Creating videos for YouTube
Response from Kate Eveling
If I could have any career, it would be creating videos for YouTube. I have always been passionate about creating videos, even when I was younger. When I finally set up a YouTube channel I suddenly had the creative freedom to create what I wanted. It’s also been an incredible outlet for me, with speaking about cystic fibrosis openly, and also about my mental health. The bigger projects usually involve creating comedy skits or taking a topic like "A Day In The Life" and sprinkling some humor into it. My aim is to lighten the situation as much as possible and help others with CF feel less alone and a little more connected.
This passion has always burned so brightly. I have always believed that I should do a job that I love doing. Because doing it just for the money isn’t necessarily worthwhile to me. There needs to be genuine enjoyment and passion in a job. And this is what I strive for.
Response from Emma Boniface
The dream has been that in another life, I would have been a bit of a nomad. Working as a photojournalist exploring new cultures. I love bringing people together through the art of photography or taking a snapshot of a story to share a snippet of a place, person, or experience with the world.
Something in healthcare
Response from Nicole Driscoll
I used to always pretend that I was a nurse or doctor when I was younger. I looked up to and admired my CF doctor, nurse, and team so much that I always wanted to be just like them. I saw how they made me feel, how they truly cared for me and became a part of my extended family, that I also wanted to be that for someone else. I also spent a considerable amount of time at CF appointments, hospital stays, and other related appointments; it had a profound impact on me at such a young age.
As I got older, however, I became more aware of the risk of infection, spread of germs, and significant risk it could be to me as a person living with CF. There seemed to be this dramatic change all of a sudden that discouraged others with CF from being in close proximity. Gone were the days of socializing with other CF patients in the hospital, hanging out at CF fundraising events, or even attending CF events. This change instilled fear in me that made me rethink my desire to grow up to have a healthcare profession.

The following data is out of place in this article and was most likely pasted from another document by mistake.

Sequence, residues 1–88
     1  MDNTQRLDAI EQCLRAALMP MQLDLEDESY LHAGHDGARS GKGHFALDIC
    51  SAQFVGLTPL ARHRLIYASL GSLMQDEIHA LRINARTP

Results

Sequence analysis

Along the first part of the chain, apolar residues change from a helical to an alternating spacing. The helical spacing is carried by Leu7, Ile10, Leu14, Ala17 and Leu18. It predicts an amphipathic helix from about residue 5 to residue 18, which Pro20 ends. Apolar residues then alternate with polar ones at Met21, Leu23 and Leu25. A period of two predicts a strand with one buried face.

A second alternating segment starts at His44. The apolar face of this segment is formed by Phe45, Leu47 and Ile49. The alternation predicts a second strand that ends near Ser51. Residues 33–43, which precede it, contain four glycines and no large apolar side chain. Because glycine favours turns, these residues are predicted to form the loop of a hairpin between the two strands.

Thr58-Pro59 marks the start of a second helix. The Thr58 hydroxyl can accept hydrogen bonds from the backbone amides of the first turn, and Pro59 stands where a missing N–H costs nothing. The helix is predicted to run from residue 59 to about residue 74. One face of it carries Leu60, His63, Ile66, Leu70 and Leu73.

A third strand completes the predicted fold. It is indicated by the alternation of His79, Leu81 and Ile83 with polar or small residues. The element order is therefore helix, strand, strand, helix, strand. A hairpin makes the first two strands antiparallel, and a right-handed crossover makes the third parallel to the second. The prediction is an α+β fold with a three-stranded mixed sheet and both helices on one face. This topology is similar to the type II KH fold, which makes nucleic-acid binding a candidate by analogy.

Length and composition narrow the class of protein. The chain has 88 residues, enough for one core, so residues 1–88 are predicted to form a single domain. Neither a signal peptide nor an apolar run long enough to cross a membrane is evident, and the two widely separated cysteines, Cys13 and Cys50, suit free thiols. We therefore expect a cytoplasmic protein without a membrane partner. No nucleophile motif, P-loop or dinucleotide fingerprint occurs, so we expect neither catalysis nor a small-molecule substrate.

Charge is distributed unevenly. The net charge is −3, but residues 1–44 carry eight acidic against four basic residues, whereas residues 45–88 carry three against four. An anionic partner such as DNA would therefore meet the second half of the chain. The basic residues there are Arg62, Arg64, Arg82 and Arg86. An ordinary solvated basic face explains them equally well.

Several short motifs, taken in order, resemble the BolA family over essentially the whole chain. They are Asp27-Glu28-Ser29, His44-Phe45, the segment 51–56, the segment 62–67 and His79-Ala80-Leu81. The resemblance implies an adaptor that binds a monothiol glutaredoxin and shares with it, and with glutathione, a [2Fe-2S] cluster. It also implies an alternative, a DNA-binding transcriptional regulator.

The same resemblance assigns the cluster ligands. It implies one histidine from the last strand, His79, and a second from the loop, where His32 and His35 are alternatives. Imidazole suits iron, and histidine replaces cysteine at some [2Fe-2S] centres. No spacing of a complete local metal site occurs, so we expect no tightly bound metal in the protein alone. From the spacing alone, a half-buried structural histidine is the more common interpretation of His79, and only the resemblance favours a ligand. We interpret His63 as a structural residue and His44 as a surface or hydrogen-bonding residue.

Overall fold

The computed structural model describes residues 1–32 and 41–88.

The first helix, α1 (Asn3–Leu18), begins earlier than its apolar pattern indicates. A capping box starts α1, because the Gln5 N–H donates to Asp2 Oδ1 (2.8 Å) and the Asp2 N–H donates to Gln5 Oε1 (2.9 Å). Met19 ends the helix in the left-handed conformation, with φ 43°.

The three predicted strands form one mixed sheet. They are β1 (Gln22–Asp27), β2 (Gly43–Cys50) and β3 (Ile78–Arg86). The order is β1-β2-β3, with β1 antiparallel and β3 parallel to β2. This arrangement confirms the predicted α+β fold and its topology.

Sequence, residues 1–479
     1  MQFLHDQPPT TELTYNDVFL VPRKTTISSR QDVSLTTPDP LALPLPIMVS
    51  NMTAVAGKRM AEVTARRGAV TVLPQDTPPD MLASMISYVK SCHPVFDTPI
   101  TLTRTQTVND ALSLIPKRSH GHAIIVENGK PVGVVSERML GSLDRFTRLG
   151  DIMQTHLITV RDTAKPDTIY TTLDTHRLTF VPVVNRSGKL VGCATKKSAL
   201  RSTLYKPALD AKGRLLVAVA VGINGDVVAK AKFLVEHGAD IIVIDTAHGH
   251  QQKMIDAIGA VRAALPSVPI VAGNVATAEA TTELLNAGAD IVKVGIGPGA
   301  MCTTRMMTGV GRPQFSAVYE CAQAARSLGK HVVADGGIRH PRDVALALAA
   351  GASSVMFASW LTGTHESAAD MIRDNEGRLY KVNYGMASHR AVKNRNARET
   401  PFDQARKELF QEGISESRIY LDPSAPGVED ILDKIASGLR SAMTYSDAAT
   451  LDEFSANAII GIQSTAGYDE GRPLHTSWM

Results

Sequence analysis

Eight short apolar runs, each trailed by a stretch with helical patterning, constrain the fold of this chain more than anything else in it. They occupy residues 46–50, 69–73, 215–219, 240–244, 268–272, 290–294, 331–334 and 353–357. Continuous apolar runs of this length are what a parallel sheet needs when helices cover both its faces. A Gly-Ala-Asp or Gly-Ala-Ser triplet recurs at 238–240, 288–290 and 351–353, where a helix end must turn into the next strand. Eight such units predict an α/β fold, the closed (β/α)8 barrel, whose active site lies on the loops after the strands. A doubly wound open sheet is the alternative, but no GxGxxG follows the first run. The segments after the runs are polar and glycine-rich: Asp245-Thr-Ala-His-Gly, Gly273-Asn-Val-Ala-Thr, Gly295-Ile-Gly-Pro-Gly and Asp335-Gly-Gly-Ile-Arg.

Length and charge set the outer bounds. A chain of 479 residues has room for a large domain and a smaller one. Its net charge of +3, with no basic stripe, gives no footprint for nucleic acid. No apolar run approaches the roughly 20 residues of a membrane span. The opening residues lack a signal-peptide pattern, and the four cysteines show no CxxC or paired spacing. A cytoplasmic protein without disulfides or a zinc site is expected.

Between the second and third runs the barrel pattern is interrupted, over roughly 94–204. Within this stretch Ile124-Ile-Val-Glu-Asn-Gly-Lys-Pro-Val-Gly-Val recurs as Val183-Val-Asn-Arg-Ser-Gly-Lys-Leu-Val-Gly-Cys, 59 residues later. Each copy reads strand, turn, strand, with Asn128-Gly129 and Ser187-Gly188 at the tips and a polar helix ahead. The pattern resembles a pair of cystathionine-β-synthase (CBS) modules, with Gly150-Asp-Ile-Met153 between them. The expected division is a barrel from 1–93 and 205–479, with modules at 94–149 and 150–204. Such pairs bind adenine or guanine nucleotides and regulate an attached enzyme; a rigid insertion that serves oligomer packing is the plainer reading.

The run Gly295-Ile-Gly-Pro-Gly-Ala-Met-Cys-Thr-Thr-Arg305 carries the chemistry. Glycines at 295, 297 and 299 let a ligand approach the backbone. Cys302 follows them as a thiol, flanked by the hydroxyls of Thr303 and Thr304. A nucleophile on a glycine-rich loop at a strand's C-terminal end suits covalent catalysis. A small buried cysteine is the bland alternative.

I was too nervous – and, quite frankly, scared – to pursue a career that could potentially put me at greater risk and exposure to germs. I decided to pursue a less risky profession and study business with hopes of entering the corporate world one day. Looking back, I believe I made the right decision for me at the time and – as cliché as it sounds, that everything happens for a reason.
Response from Meagan Brackeen
My career has always been in communications, but if I could choose any career, it would be one working with young kids in some capacity, either as an early education teacher or an occupational therapist. My mom is a retired OT, and she worked at a preschool for children with special needs. I always loved hearing about the work she did with her students.
Simply put, OT makes sense to me – meeting patients where they are based on their developmental and physical capabilities and then working with them on specific tasks necessary for day-to-day living and thriving.
What career would you choose?
These are just a few of many different possible careers. If you could do anything, no holds barred, what would you do? Share in the comments below!
Have you (or a loved one) been experiencing any negative side effects from Trikafta?